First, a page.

Academic journal article The William and Mary Bill of Rights Journal

Rose's Human Nature of Property/response

Academic journal article The William and Mary Bill of Rights Journal

Rose's Human Nature of Property/response

Article excerpt

Many social theories claim to have the human being at their center. That has been more a matter of theory than practice in many of those theories. But in the case of Carol Rose's scholarship on property it could not be more true. In many of her works, Carol develops sophisticated theories about property by focusing in on characters. While they are sometimes humorous and colorful, the characters capture something important about human nature, and Carol, like an older tradition that we could learn a lot from, explores property through the lens of human nature. In it she finds many twists and turns. I will focus on how the characters of the ninny and the scoundrel call for crystals and mud1 - bright line rules and vague standards, yes, but quite a bit more than that. In Carol's view a variety of the tragedy of the commons with crystals and mud leads to endless cycling between crystals and mud.2 At the end I will argue that human nature may also lead to a sort of equilibrium in the law, an equilibrium we could associate with the traditions of law versus equity. But for that to occur we do need some significant degree of moral consensus, upon which we can ground our equitable interventions. This need for moral consensus takes us back to Carol's insights about human nature and to her humanistic bourgeois view of property based on narrative.

Carol points out that famous accounts of property from Locke and Blackstone to Demsetz all involve a view - or views - of human nature.3 All of them ground a picture of property in self-interest, possible enlightened self-interest, but then import covertly a more cooperative or even altruistic aspect of people when it comes time to set up the property system.4 A system of private property requires collective action, and a world of narrowly rational utility maximizers - a character Carol once called "RUM" with, I think, the British meaning of "odd" in mind5 - would have a difficult time getting the system off the ground.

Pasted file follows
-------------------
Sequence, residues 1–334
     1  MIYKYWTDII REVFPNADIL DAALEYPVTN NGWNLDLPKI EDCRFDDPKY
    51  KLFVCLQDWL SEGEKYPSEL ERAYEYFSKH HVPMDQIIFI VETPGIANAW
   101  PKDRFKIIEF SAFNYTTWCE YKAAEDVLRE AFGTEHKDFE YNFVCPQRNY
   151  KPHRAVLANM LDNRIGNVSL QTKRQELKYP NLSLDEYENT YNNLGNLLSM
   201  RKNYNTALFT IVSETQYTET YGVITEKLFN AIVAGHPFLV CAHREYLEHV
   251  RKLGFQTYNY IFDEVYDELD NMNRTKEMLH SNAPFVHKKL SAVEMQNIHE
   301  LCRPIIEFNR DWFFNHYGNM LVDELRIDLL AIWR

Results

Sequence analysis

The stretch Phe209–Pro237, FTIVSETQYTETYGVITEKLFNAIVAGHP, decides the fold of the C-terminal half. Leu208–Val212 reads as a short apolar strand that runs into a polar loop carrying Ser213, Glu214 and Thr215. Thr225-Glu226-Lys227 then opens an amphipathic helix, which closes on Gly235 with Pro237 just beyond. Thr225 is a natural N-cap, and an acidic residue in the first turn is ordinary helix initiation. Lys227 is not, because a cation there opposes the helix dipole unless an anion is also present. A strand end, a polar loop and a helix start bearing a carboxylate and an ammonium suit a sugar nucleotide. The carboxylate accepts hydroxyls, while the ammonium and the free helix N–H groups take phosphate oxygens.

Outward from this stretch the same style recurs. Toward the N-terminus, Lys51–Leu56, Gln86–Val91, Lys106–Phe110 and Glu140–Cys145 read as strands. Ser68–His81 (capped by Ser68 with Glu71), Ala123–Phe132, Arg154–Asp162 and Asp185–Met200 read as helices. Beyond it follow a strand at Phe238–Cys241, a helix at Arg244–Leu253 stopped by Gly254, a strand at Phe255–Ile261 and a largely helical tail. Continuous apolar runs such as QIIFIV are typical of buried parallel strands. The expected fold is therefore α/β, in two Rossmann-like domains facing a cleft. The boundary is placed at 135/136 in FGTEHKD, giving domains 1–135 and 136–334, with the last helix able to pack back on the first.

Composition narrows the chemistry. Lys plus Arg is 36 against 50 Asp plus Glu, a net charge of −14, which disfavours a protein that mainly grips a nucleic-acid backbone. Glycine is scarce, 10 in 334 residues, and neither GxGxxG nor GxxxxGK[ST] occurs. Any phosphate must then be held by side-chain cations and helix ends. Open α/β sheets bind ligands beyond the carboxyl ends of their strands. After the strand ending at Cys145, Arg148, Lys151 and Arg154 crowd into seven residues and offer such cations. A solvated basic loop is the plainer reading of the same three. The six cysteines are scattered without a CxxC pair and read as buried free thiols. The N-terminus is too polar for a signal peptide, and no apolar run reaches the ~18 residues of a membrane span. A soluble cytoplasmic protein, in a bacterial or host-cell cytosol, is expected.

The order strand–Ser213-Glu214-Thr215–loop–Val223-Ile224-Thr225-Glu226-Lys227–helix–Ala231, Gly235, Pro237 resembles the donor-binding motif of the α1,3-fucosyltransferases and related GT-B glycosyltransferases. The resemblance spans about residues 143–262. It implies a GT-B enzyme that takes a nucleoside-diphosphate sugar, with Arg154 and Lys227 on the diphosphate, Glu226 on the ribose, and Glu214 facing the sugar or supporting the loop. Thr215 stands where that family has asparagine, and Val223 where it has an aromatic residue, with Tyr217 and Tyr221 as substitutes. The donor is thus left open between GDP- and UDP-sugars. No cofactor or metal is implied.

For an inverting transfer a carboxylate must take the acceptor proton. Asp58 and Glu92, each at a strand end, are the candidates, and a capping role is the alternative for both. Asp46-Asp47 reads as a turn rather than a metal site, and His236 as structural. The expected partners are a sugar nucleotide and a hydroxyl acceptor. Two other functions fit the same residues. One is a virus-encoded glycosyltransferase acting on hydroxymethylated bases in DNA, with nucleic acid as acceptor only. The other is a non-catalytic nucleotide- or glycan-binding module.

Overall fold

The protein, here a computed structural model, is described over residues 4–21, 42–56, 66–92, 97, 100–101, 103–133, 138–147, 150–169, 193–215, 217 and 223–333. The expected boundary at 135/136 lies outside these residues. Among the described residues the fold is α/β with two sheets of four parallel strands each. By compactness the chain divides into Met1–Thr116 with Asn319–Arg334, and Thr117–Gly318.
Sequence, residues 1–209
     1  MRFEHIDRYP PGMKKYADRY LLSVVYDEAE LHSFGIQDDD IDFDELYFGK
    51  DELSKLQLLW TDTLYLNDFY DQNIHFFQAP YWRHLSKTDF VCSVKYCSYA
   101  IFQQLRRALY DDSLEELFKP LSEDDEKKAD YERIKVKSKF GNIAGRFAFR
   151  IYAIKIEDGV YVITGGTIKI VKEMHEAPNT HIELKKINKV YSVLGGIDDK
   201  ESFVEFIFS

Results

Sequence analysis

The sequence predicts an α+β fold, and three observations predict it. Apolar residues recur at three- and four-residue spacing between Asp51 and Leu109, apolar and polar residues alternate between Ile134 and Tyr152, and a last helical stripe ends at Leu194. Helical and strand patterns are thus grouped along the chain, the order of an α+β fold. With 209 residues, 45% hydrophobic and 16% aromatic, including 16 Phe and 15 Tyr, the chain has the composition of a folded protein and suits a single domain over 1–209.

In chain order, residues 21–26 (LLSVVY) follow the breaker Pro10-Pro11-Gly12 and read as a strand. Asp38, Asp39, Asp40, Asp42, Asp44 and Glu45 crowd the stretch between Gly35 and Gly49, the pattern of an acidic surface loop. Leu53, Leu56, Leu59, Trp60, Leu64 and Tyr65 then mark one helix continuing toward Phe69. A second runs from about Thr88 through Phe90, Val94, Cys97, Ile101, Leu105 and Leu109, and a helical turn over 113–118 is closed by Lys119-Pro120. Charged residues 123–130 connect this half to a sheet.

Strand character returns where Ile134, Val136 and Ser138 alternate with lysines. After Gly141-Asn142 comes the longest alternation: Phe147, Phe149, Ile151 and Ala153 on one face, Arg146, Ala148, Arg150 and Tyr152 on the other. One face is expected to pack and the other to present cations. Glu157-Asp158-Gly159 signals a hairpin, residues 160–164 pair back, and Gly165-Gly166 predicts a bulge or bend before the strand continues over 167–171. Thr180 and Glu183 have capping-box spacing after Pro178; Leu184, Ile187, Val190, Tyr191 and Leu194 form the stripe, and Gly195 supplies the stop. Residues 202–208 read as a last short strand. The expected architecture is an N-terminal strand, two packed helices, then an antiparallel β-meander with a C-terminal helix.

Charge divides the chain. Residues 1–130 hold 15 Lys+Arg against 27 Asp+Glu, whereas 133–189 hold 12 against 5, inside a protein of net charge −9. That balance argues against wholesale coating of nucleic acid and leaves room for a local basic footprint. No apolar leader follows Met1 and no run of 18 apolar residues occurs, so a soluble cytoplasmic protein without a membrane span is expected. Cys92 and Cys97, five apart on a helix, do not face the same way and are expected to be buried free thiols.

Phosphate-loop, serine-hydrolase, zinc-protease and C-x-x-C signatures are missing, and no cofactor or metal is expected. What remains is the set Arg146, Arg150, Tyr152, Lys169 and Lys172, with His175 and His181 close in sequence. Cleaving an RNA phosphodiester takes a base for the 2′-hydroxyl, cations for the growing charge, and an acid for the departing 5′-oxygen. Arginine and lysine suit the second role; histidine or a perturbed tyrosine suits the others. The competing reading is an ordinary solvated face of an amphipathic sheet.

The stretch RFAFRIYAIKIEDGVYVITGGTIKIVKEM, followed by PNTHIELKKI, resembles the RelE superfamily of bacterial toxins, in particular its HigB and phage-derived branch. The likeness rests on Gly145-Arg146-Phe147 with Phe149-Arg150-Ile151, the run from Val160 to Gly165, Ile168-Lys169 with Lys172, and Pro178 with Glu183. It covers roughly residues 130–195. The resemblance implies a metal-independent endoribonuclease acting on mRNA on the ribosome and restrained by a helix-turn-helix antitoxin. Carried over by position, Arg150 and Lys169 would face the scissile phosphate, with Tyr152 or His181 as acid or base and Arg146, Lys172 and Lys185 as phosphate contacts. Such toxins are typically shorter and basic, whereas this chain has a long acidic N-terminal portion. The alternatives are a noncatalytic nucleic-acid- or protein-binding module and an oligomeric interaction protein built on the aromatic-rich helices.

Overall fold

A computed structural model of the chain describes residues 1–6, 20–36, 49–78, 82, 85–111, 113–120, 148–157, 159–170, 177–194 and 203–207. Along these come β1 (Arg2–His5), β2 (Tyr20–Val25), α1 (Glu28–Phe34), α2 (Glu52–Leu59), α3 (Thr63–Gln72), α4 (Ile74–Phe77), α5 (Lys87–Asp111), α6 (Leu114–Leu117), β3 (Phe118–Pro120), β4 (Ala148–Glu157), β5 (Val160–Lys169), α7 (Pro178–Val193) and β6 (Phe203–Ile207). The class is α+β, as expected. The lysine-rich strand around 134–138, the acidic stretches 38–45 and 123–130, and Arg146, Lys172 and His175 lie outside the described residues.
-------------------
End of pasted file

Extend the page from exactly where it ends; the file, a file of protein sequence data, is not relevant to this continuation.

At the same time, almost uniquely among property theorists, Carol is open to elements of the doux commerce theory: that commerce is a sociable institution and can be expected to cultivate virtues (in addition to the now more familiar vices).6 Indeed, Carol notes that gifts and commercial exchanges partake of each other and are not so easy to separate.7 Overall, Carol is one of the few theorists these days to see how humane and lovely the mundane and the bourgeois can be.

These elements feature prominently in Carol's work on crystals and mud, which I'd like to focus on here. In drawing this distinction, Carol has made a characteristically deep insight into the nature of the legal system. Crystals and mud roughly - but only roughly - track rules versus standards, but potentially imply much more. The law may start out with a crisp rule that gives a clear and sharp boundary between states of the world - is there a contract or isn't there, was there a trespass or wasn't there? But because the results don't always look pretty, there is a temptation - and especially for judges who see matters in all their particularity after they have gone wrong - to start tinkering.8 This takes the formless form of muddying things up, of making exceptions and second-guessing.9 If this happens enough, some actor - a legislator or contracting party - may crisp things up into crystal again and start the process over.10

Later I would like to return to the oscillation that Carol sees as inherent in crystals and mud and offer an alternative that may sometimes occur, but first, notice how far the notion of crystals and mud by itself gets us. The literature is certainly filled with related theories about rules versus standards,1! bright lines and vagueness,12 analyzed through economic and philosophical lenses among others. Rules are more expensive to formulate but cheaper to apply.13 Rules give certainty and standards are vague and uncertain. Some, especially those associated with critical legal studies, see rules as reflecting individualism and domination and standards as embodying community and altruism. …

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